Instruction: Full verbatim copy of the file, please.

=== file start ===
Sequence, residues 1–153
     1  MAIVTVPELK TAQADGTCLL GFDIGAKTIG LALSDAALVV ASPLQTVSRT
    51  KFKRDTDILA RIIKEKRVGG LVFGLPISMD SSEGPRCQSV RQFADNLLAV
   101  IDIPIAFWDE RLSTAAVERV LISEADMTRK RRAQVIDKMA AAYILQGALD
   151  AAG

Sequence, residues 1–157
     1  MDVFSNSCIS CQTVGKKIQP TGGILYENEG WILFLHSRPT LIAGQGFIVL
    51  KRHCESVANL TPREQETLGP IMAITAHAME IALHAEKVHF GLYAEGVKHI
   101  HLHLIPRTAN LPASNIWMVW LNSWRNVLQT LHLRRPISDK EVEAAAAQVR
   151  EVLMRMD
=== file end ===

Sequence, residues 1–153
     1  MAIVTVPELK TAQADGTCLL GFDIGAKTIG LALSDAALVV ASPLQTVSRT
    51  KFKRDTDILA RIIKEKRVGG LVFGLPISMD SSEGPRCQSV RQFADNLLAV
   101  IDIPIAFWDE RLSTAAVERV LISEADMTRK RRAQVIDKMA AAYILQGALD
   151  AAG

Sequence, residues 1–157
     1  MDVFSNSCIS CQTVGKKIQP TGGILYENEG WILFLHSRPT LIAGQGFIVL
    51  KRHCESVANL TPREQETLGP IMAITAHAME IALHAEKVHF GLYAEGVKHI
   101  HLHLIPRTAN LPASNIWMVW LNSWRNVLQT LHLRRPISDK EVEAAAAQVR
   151  EVLMRMD